Mayor Bloomberg cited unconfirmed reports Thursday that
protesters are allowing crimes to go unreported and are instead chasing wrongdoers out of their park encampment, but declined to say whether the information could be grounds for police to forcibly evict protesters from the site.
"Instead of calling the police, they form a circle around the perpetrator, chastise him or her and chase him or her out into the rest of the city to do who knows what to who knows whom," Bloomberg said, although he noted the city was uncertain of the reports' accuracy. "If this is in fact happening, and it's very hard to get good information, it is despicable."
Protester Justin Stone-Diaz said he knew of two sexual assaults after which the female victims refused to file charges, leaving their fellow protesters — and the police — unable to take further action. The protesters gave the police department's liaison detailed information about the incidents, he said.
"As an organization we spent the whole day yesterday trying to convince them to press charges," Stone-Diaz said, but the women refused after initially getting what Stone-Diaz called "bad advice" from other protesters who urged the women not to work with police.
With no legal way to force the accused men out of the park, some protesters distributed flyers with their photos in an attempt to get them to leave so the women would not have to see them, Stone-Diaz said.
At a question-and-answer session with reporters Thursday, Bloomberg noted that a protester who served food at the camp has been arrested on charges of sexually abusing a woman and is also a suspect in a rape at the protest site.
Asked if the reports of criminality and what he said was protesters' continued refusal to stay on the sidewalks during marches could justify a move by the NYPD to evict protesters, the mayor gave no direct answer.
"This administration will take appropriate steps whenever we think appropriate to keep this city safe and at the same time to protect peoples' right to protest," he said.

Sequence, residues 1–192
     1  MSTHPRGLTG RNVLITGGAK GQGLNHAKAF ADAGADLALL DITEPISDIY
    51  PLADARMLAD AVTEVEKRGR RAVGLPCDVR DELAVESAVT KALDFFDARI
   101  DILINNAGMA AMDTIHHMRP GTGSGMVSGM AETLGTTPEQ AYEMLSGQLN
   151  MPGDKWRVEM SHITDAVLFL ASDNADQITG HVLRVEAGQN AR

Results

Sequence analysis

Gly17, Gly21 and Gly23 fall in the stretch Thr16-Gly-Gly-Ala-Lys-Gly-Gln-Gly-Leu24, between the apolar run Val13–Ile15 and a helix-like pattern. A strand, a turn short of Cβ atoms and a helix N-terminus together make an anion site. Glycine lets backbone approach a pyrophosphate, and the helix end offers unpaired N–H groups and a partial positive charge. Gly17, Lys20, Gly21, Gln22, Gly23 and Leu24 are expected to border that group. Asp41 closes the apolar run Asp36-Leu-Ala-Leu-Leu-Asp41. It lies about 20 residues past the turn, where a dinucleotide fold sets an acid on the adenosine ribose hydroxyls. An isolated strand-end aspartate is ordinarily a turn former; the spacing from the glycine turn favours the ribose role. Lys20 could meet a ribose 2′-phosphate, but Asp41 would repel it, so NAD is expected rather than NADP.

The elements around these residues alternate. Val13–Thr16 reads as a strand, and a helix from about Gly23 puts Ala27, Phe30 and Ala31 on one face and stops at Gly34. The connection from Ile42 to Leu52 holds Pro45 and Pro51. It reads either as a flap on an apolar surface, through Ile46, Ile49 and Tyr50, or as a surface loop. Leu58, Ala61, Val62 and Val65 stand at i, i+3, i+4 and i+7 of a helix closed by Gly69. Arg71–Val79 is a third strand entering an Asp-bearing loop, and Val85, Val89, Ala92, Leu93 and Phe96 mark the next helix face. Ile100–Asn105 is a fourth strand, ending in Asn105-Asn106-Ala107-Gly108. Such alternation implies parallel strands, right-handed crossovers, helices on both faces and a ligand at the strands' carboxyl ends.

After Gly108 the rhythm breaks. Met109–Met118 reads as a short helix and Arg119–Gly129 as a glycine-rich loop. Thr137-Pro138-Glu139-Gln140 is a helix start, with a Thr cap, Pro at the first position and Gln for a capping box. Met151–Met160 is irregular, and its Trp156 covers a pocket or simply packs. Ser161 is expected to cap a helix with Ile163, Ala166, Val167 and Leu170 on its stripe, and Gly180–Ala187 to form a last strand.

Bloomberg went on to say: "It is one of these problems that there is no easy answer. But there is a right answer and the right answer is allow people to protest, but at the same time enforce public safety, provide public safety and quality of life issues, and we will continue to do that."
After grabbing a sandwich on the Zuccotti Park lunch line, 25-year-old Melissa Milliron said she hoped the mayor's comments would lead her fellow protesters to improve security at the site, adding that it wasn't yet up to "standard."
"I hope the community will see that there's a possibility to evict us," she said.
Later Thursday, at least 16 Occupy Wall Street protesters were arrested outside Goldman Sachs' headquarters. Many were carried off by police after refusing to move. Over the course of the protests nationwide and in other countries, police have arrested hundreds for trespassing, disorderly conduct, resisting arrest and other violations.
The protesters had held a mock trial of the financial firm in Zuccotti Park then marched eight blocks to present company officials with the findings. They read aloud a statement of their findings then gave it to Goldman representatives.
Police officers apparently were ready for action a half hour earlier, as several hundred activists started marching: Officers flanking them had bunches of handcuffs strapped to their waists.
At the Goldman Sachs building on West Street, police demanded that the protesters get off the private pavement in front of the entrance. Most did. But the rest sat down and refused to walk.